In gymnastics, the floor refers to a specially prepared exercise surface, which is considered an apparatus. It is used by both male and female gymnasts. The event in gymnastics performed on floor is called floor exercise. The English abbreviation for the event in gymnastics scoring is FX.
A spring floor is used in most competitive gymnastics to provide bounce. Spring floors are also used ssometimes in cheerleading. The sprung floor used for indoor athletics, however, is designed to reduce bounce.
The apparatus originated as a 'free exercise' for men, very similar to the floor exercise of today.It wasn't until 1948 that women were allowed to compete on the floor.
Most competitive gymnastics floors are spring floors. They contain springs and/or a rubber foam and plywood combination which make the floor bouncy, soften the impact of landings and enable the gymnast to gain height when tumbling. Floors have clearly designated perimeters—the "out of bounds" area is always indicated by a border of white tape or a differently colored mat.
The allowed time for a floor exercise is up to 70 seconds for males and up to 90 seconds for females. Unlike men, women always perform routines to music. (Wikipedia)
From a squat position, the gymnast should form a triangular shape with their hands and head (their head should be the top of the triangle, with their hands acting as the bases). The gymnast’s forehead should touch the floor, not the top of the head. The gymnast should slowly lift their legs from a tucked position and then extend their hips and legs to balance in an extended headstand. Support and balance are provided by the arms.
In order to perform a V-sit, the gymnast should start in an L-sit support. They should raise their legs further and compress their body into a tight piked position. This skill should be held for a minimum of 2 seconds. The gymnast’s arms and legs should be completely tight. The head should be a neutral position.
The gymnast should start in a standing position. They should squat down and place their hands on the floor. As they do this, they should tuck their head down, and perform the forward roll. Their back should roll onto the floor smoothly from the neck to their buttocks. They should finish the skill in a squat position and immediately extend their legs to a stand.
To perform a dive roll, the gymnast should run, gradually increasing their speed. They should punch off the floor with their legs tight and feet together. They should jump into the air with a straight body. At the moment of the punch, the gymnast’s arms should do a back circle and swing upwards. This arm motion will help to increase the height of the jump. After the jump the gymnast should arch their body slightly while kicking their legs backwards. They should keep their chin up with their arms slightly bent out to the side. The kick from the gymnast’s heels will help to flip them forwards. When the gymnast reaches the floor, they should be in a nearly vertical position. They should bent their arms slightly, roll forward and stand up.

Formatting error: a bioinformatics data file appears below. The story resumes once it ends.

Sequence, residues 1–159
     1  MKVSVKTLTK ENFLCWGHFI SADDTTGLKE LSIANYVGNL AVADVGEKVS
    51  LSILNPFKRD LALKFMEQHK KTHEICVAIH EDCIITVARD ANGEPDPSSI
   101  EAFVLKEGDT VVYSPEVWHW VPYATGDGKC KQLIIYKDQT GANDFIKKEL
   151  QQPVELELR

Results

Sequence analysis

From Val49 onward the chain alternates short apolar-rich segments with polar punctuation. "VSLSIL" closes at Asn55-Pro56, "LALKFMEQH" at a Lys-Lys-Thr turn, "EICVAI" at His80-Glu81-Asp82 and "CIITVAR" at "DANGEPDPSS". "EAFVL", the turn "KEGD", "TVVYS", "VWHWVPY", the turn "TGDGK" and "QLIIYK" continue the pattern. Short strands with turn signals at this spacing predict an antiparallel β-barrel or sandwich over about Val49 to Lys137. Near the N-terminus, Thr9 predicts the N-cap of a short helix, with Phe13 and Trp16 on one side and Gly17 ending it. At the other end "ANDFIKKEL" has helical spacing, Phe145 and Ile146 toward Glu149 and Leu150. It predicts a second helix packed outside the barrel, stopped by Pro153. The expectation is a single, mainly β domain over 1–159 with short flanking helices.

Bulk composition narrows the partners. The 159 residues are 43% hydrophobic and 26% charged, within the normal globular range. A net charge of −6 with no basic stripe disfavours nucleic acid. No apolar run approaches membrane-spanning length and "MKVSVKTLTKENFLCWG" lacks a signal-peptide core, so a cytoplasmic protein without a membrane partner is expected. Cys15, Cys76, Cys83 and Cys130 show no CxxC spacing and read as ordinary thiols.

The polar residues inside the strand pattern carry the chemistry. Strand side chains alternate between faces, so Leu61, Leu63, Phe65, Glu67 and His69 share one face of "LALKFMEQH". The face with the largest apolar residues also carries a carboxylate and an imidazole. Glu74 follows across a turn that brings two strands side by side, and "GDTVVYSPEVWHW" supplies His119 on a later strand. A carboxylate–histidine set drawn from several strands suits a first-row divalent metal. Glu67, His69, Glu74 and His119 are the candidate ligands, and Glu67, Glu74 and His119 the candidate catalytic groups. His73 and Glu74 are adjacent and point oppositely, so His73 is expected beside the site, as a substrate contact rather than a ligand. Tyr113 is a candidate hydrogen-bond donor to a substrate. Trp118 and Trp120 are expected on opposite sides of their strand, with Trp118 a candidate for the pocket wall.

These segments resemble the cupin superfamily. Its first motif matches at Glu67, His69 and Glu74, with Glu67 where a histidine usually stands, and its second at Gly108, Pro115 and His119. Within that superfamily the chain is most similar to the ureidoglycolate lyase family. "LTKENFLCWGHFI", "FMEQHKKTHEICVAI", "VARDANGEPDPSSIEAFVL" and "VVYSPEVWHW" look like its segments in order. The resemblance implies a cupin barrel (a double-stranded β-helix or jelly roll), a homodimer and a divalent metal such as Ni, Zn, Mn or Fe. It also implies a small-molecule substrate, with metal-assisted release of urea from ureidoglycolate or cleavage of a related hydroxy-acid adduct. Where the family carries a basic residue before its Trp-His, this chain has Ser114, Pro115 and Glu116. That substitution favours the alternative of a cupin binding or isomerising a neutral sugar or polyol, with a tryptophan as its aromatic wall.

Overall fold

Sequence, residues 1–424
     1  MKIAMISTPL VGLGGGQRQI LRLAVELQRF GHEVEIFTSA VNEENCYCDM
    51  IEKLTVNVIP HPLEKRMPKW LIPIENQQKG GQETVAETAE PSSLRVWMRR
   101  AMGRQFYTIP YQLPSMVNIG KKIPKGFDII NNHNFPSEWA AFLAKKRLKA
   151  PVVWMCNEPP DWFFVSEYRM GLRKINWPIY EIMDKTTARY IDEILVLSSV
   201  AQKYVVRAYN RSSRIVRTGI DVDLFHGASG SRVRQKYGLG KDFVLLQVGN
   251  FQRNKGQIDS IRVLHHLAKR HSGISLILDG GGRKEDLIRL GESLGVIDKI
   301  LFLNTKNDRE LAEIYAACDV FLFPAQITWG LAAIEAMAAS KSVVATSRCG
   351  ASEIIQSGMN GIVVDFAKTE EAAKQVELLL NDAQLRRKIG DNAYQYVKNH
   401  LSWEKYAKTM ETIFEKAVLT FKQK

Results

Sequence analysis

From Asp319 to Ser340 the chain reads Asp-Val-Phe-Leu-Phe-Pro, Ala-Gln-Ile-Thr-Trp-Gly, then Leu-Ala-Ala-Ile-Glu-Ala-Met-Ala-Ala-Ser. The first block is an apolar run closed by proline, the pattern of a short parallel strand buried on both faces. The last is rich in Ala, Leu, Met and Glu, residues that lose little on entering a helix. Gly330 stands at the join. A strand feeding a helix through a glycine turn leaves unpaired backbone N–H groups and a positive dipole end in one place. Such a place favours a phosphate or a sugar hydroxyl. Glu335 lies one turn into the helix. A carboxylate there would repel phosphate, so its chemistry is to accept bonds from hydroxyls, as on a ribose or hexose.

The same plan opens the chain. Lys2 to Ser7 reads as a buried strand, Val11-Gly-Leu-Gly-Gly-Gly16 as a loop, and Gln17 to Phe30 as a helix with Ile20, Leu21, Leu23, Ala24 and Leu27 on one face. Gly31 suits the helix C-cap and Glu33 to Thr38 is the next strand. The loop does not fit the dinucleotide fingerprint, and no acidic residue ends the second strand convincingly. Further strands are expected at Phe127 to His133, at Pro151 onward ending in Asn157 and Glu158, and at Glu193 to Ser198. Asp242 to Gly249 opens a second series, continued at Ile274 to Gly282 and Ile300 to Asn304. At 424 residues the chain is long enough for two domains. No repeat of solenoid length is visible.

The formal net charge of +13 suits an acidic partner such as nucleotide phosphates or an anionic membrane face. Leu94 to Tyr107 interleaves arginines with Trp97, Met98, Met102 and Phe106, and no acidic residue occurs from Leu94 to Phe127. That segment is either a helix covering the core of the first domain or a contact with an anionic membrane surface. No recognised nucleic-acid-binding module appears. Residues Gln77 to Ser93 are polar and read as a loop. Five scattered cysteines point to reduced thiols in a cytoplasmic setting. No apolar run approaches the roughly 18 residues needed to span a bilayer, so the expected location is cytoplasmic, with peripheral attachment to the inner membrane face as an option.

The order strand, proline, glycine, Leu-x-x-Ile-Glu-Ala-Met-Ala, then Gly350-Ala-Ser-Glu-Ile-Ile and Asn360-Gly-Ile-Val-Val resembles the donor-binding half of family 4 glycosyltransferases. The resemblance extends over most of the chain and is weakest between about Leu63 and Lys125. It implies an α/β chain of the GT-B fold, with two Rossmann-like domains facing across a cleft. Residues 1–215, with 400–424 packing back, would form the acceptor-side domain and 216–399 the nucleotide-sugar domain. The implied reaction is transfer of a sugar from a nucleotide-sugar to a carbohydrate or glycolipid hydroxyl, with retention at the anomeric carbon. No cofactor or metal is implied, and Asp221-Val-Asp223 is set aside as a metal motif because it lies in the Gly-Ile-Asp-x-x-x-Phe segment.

The starting position is from standing with the hands up. The gymnast does a step, then a lunge and puts their first hand sideways in front of the lunging leg. The back leg kicks strongly back overhead. Next, the gymnast places the second hand in the same line as the legs and the first hand, the gymnasts passes through the handstand sideways in a wide open straddle. The rotation continues. The gymnasts places the first foot on the floor, then the other one and finishes standing up in a straddle with their arms overhead. The entire rotation should be performed on one line. The shoulders and hips should be extended for the entire duration.
The gymnast should start with their hurdle, raising their arms up and opening their shoulder angle. Their back leg should perform a strong kick backward. Their lunge leg should push down on the floor. As they lean forward, they should twist their first hand 1/4 before reaching the floor. The hand placement should not be excessively close or far from the feet. The lunge leg follows the back leg, where they should close together by the time the gymnast reaches handstand. At the same time, the gymnast should continue twisting around their first arm until the second hand is placed down. This second hand should be turned an additional 1/4. Next follows the snap down. The gymnast’s body should release in hollow, with their arms extended around horizontal. Their head should be between their arms, with their feet in front, ready for a back handspring or tempo salto. In the case of a backflip after the roundoff, the legs should arrive slightly back instead of vertical. The arms should be overhead with the head in a neutral position. The hips should be in and the body should be in a slightly arched position.
Integral part of gymnastics coaching process are skill drills. They help gymnasts to learn easier and technically correct. With GYM DRILL PRO you will find variety of ideas for the most the basic gymnastics skills. There are plenty of images with skill drill progressions. It is intended to support explicitly the qualified coaches in their daily coaching business. DO NOT practice without the guidance of proper professionals.